Famous wines fill cellars everywhere, made by houses of pedigree and produced from the most recognizable grapes. There is Piedmont’s Nebbiolo, Pinot Noir and Chardonnay out of Burgundy and Champagne, Cabernet Sauvignon and Merlot from Napa Valley and Bordeaux. Unless you began collecting some 25 years ago, chances are your stock piles are low when it comes to varietal inamorata. While there exists a minority that sees the trophies as simulacrum, the majority continue to run down dreams. Icons for less than $50? No more. A once unthinkable, magical $100 mark is a fiscal cliff in the rear-view mirror. The question begs. Has the peak been reached?
A McCannian “collision of curse and whisper” finds the state of the union bound by a new world order where social media driven wine purchasing decisions fluctuate with every fleeting tweet. Expansion and saturation are in. First Growth and Grand Cru need’ms are waning in popularity, having priced themselves beyond the reach of mere mortal geeks. Andrew Jefford certainly disagrees, noting, “…it’s no surprise that wine has become just another vacuous totem of wealth.” But the Decanter scribe is not writing about a state of Ontario affairs. There are substitutes around every turn and where there is effort, there is a wine-altering way. Diamonds can be unearthed out of the proverbial rough, certainly not at will, but with patience and poise. Champion producers lay in wait within the lesser, unheralded corners of the world’s most famous wine appellations. They can also be found in nooks not yet trusted. More often than not they are the by-products of familial labours of love, small parcel productions, fruits of wine vernacular passed down through the generations.
Here are four unreal wines from iconic grapes, ready for the taking and affordable to all.
The grape: Cabernet Sauvignon
The history: Bordeaux’s Left Bank star finds richesse and success in South Australia
The lowdown: Located in the sub-region of Marananga in Barossa Valley and farmed by 6th Generation family member, Damien Tscharke. Shiraz may have put Barossa on the map but my red Oz consciousness leans Cabernet Sauvignon
The food match: Braised and Pulled Beef Inside Round, barossa brie, toasted ciabatta
Tscharke Barossa Gold Marananga Cabernet Sauvignon 2010 (289884, $15.95) is really good stuff. Tight attack, bold and tannic, brimming with figgy black fruit, dark chocolate, spirit cake and white pepper. The oldest Barossa Neoproterozoic Schist and Siltstone rocks impart piercing minerality as if the Marananga were blasted out of a cannon. Tests any Napa Cab under $50. 89 @tscharkewines
The grape: Chardonnay
The history: Family domain in the Mâconnais, lead by Jean-Paul Paquet, along with wife Monique and son Yannick
The lowdown: Old vines (parcels of 50+ years) and barrel ageing combine for layered results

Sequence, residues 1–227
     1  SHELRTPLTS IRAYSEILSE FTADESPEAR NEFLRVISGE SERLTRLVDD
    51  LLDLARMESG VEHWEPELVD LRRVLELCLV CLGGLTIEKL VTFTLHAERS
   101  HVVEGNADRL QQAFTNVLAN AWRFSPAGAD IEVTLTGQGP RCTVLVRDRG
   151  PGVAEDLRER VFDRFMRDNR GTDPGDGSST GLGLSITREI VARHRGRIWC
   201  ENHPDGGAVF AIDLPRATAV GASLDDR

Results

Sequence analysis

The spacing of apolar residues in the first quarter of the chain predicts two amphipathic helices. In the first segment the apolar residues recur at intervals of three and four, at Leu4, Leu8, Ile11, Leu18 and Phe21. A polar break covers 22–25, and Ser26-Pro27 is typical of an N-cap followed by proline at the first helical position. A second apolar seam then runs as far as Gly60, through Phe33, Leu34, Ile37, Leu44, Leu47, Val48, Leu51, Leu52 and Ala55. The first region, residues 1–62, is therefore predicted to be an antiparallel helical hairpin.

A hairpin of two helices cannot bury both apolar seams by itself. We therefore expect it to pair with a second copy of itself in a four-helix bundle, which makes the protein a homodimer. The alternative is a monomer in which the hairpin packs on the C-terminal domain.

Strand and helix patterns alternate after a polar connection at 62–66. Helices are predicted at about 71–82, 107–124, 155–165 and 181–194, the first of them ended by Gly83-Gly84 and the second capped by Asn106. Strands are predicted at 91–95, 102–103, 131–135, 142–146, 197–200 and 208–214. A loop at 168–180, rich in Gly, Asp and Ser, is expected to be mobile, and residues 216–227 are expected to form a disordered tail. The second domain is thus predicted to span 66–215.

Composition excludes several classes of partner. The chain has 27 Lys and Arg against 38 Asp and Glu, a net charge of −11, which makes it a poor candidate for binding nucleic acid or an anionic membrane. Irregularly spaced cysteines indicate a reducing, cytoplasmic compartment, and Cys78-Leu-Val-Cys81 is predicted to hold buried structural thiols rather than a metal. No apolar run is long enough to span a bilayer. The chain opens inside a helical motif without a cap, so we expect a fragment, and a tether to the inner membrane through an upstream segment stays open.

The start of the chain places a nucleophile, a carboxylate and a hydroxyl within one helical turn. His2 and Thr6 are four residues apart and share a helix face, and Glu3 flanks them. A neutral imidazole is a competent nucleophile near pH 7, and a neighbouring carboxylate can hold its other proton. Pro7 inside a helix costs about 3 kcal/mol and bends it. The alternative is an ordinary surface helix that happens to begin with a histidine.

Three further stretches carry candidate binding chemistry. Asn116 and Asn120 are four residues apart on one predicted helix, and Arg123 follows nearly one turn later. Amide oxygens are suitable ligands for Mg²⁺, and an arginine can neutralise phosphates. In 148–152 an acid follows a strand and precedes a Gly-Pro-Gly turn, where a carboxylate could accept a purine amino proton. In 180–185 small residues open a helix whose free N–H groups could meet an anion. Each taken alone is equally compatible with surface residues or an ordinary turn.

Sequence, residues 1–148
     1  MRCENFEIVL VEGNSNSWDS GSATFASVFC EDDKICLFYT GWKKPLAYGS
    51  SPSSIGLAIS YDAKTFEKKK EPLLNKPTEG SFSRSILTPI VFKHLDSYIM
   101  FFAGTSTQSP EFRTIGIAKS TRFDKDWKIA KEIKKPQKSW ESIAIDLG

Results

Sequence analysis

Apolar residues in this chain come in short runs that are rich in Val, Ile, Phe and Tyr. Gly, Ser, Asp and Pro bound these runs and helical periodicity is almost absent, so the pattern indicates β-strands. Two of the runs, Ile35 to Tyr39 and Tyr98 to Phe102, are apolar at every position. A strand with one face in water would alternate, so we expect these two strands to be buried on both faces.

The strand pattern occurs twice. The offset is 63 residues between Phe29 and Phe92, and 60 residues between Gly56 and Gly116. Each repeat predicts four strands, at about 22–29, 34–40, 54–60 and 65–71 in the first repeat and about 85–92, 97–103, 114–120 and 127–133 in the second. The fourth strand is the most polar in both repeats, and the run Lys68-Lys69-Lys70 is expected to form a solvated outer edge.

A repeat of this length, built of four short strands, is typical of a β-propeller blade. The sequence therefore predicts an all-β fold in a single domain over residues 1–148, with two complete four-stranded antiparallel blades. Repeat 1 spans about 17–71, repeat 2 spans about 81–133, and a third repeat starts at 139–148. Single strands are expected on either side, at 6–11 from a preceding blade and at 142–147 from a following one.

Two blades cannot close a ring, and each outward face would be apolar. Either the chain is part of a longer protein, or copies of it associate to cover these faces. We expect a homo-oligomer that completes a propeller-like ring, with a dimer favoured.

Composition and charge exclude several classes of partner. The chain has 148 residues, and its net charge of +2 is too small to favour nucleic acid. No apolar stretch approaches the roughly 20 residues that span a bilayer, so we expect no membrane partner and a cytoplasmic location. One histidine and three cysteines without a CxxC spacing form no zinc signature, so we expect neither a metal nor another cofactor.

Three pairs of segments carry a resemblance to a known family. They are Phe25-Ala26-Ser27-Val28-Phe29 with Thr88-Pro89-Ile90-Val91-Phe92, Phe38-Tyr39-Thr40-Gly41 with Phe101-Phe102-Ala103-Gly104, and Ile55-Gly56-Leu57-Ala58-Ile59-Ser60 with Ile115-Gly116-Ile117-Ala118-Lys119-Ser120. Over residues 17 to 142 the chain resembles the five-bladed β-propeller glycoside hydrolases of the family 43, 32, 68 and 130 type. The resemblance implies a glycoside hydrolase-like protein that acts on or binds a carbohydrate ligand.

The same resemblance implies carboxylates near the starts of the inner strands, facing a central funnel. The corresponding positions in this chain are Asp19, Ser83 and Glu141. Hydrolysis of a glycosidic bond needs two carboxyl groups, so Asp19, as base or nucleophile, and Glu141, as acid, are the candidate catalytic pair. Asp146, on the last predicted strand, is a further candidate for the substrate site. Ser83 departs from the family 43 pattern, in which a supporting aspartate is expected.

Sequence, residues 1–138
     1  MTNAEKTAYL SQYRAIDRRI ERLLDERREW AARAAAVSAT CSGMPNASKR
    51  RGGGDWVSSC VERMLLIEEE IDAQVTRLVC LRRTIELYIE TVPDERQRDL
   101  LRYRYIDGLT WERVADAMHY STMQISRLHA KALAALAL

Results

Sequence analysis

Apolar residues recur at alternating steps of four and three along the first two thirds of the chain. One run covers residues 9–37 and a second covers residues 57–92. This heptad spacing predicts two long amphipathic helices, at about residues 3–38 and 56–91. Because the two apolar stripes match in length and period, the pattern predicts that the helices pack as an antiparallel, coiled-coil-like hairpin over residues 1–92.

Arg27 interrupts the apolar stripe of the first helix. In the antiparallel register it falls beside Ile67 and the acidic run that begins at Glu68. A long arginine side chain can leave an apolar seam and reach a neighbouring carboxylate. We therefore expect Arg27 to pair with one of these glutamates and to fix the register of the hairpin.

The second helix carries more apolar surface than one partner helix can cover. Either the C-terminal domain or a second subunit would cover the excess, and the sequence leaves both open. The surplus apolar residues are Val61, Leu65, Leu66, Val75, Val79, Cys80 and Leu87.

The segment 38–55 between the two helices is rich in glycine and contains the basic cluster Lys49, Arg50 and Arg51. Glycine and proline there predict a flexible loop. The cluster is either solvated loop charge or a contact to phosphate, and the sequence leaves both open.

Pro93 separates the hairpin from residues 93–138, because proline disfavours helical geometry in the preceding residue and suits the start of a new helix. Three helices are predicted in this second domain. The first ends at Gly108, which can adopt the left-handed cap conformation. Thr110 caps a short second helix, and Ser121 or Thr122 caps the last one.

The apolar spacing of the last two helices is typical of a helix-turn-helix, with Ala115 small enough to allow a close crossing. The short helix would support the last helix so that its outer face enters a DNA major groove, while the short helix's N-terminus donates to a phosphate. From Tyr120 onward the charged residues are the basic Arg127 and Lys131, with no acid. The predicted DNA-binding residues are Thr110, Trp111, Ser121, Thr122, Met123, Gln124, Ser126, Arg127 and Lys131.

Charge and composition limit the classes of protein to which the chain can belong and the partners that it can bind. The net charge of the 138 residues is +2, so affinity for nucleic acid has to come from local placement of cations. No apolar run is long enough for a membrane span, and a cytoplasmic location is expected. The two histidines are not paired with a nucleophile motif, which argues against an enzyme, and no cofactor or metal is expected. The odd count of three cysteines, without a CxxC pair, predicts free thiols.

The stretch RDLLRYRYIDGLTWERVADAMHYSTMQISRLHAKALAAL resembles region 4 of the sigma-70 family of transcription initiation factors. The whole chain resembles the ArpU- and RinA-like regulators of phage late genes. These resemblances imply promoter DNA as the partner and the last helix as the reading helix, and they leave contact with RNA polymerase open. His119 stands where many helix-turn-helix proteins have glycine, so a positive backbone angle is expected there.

The food match: Sage Roast Chicken, schmaltz confit yukon gold potatoes, parsley
Domaine De Fussiacus Vieilles Vignes Pouilly-Fuissé 2010 (276444, $23.95) gratifies in an instant and holds on seemingly forever with remarkable depth of fruit. The tang and tin-effect of Bresse Bleu is merely a hint, smothered over by almond and vanilla extract, green olive pit and the taste of creamy, balmy, citrons doux, bergamot marmalade. A fatty, poularde glycerin texture really ties the dude, er wine, together. Plenitude for a song. “Sometimes, there’s a man,” I’m talking about Jean Paquet here, and I can just imagine him thinking, “we can be heroes,” working a land that finds him surrounded by stupid expensive Chardonnay. 90
The grape: Nebbiolo
The history: Makes for Italy’s most regal wines, Barolo and Barbaresco
The lowdown: The Marziano Abbonna stable trots out this entry-level Barolo with expert success vintage after vintage
The food match: Murray Farm Heritage Roast Turkey, roasted chestnut stuffing, cranberry-lemon sauce
La Pieve Barolo 2008 (213132, $28.95) does what few other sub-$30 Baroli can do; offer a taste of the real thing. Though initially a touch reductive, it hits a chord of correct notes, including chestnut tisane, tar and rose petals. Firm Nebbiolo, frank and aggressively forward, wanting to share more drupe but it’s not quite there. Time will help flesh out the hidden stone fruit and sweet red pepper flavours. 89 @CAbbona
The grape: Aglianico
The history: From Campania, Taurasi is believed to be derived from the pre-Roman (probably Etruscan) taur[o] meaning mountain.
The lowdown: Taurasi must be aged for at least three years before it is released, with at least one year in wood. No one can dissertate more eloquently or knowledgeably on the subject better than Feudi’s Export Manager Maurizio de Rosa
The food match: Braised Beef Short Ribs, caramelized onion, carrot, aglianico jus
Feudi di San Gregorio Taurasi 2007 (956011, $39.95) is lush and gorgeous. The most immediately gratifying young Aglianico yet such an infant. Earthbound red berries, perfectly ripe plums, biting tannin and off the charts acidity. Epochal verve of Middle Pleistocene volcanic rocks. Southern Italian equivalent to Southern Rhône reds, offering tremendous value under $50 where Bordeaux and Tuscany pedantically fall short. Should join the ranks of recent great vintages, ’01 and ’04. 93 @FeudiDSGregorio
Good to go!